There's a big difference between being really smart and being a genius. While geniuses tend to be exceptionally intelligent, they also use imagination and creativity to invent, discover or create something new within their field of interest. They break new ground rather than simply remembering or reciting existing information.
Geniuses do not usually operate in isolation, either -- nearly all of them analyze the work of other great minds and use that information to make new discoveries. Self-taught geniuses, on the other hand, often explore information in unexpected or inventive ways, due in part to their lack of formal training. In either case, the ability to imagine new possibilities is as important as general intelligence.
Like intelligence, creativity and imagination can be difficult to isolate, quantify or explain. Some researchers believe that creative people have less latent inhibition than other people. Latent inhibition is the unconscious ability to ignore unimportant stimuli. Researchers theorize that creative people either receive more stimuli from the world around them or ignore less of it. This may also explain why creative people seem to be more prone to mental illness. People who are both unable to filter stimuli and emotionally unstable are more prone to psychosis.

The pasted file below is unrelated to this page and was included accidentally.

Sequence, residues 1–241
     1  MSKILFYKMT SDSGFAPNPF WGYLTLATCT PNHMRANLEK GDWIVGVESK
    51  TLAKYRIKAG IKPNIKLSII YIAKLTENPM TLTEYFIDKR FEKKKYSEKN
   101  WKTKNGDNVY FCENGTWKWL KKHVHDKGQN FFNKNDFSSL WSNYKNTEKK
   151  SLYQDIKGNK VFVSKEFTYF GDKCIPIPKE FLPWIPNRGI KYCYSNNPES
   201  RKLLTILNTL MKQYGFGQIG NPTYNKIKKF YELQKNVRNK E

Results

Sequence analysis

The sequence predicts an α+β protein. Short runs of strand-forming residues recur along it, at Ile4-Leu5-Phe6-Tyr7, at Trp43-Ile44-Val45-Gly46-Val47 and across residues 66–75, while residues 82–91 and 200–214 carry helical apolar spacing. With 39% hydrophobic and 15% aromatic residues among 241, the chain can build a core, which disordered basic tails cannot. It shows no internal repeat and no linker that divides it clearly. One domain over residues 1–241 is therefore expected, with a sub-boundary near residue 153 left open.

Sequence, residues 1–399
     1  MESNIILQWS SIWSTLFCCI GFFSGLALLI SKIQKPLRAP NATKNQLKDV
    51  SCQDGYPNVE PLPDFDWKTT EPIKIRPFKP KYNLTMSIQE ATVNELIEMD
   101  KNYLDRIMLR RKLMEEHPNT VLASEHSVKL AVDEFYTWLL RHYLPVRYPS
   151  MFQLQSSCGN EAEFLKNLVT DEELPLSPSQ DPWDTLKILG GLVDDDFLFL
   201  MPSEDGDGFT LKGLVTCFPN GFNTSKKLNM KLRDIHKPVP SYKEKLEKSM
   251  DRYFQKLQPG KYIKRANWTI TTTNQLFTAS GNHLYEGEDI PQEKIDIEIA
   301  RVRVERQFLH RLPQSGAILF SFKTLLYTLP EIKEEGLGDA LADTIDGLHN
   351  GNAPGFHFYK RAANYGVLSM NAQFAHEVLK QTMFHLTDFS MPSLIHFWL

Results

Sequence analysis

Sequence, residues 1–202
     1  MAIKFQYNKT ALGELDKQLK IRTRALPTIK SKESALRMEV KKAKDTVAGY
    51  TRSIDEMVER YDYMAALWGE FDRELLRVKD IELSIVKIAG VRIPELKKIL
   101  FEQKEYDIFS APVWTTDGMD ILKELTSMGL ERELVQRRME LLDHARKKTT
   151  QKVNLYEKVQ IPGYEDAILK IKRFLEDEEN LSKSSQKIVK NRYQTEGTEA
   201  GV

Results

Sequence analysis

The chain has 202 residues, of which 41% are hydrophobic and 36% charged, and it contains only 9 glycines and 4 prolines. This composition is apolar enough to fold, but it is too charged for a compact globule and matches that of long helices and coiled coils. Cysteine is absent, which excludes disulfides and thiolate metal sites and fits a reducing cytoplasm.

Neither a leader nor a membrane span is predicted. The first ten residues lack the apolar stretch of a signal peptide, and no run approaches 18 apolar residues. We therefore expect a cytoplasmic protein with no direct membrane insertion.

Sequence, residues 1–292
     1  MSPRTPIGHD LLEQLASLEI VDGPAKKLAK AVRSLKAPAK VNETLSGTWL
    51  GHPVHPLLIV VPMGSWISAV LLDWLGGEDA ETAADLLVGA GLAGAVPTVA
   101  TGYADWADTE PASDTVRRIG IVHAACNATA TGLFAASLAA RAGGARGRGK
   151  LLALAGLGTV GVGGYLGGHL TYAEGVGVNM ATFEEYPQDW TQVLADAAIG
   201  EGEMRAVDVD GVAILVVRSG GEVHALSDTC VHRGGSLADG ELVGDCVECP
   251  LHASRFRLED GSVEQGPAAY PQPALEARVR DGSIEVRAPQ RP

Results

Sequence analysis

Creativity also seems to have some traits in common with bipolar disorder. During an episode of mania, a person with bipolar disorder experiences increases in energy, the ability to focus and motivation. Bipolar disorder is more common among writers and artists than in the general population, but scientists have not found a cause-and-effect relationship between the two.
The creativity of geniuses also relates to productivity and hard work. Sometimes, the most dramatic examples of genius involve people who produce their best work at a very young age. However, not every genius produces exceptional work early in life the way Einstein and Mozart did. Some, like Ludwig von Beethoven, do their best work later in life.